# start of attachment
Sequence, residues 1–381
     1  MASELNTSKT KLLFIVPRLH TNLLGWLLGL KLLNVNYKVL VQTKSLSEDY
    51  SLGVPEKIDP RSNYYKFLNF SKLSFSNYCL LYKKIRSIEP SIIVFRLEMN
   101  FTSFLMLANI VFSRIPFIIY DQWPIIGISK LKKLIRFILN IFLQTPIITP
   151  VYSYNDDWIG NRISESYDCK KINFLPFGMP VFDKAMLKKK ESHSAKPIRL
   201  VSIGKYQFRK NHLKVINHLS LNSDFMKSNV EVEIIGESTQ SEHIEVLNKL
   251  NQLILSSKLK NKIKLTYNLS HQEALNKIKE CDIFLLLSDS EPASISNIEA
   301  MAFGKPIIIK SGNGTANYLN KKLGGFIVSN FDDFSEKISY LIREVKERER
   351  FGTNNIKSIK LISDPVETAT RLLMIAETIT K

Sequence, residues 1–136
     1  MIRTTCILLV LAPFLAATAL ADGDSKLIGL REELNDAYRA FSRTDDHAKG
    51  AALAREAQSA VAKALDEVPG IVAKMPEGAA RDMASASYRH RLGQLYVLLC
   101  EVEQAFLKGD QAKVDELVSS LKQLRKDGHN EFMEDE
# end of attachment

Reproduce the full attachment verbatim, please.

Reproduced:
Sequence, residues 1–381
     1  MASELNTSKT KLLFIVPRLH TNLLGWLLGL KLLNVNYKVL VQTKSLSEDY
    51  SLGVPEKIDP RSNYYKFLNF SKLSFSNYCL LYKKIRSIEP SIIVFRLEMN
   101  FTSFLMLANI VFSRIPFIIY DQWPIIGISK LKKLIRFILN IFLQTPIITP
   151  VYSYNDDWIG NRISESYDCK KINFLPFGMP VFDKAMLKKK ESHSAKPIRL
   201  VSIGKYQFRK NHLKVINHLS LNSDFMKSNV EVEIIGESTQ SEHIEVLNKL
   251  NQLILSSKLK NKIKLTYNLS HQEALNKIKE CDIFLLLSDS EPASISNIEA
   301  MAFGKPIIIK SGNGTANYLN KKLGGFIVSN FDDFSEKISY LIREVKERER
   351  FGTNNIKSIK LISDPVETAT RLLMIAETIT K

Sequence, residues 1–136
     1  MIRTTCILLV LAPFLAATAL ADGDSKLIGL REELNDAYRA FSRTDDHAKG
    51  AALAREAQSA VAKALDEVPG IVAKMPEGAA RDMASASYRH RLGQLYVLLC
   101  EVEQAFLKGD QAKVDELVSS LKQLRKDGHN EFMEDE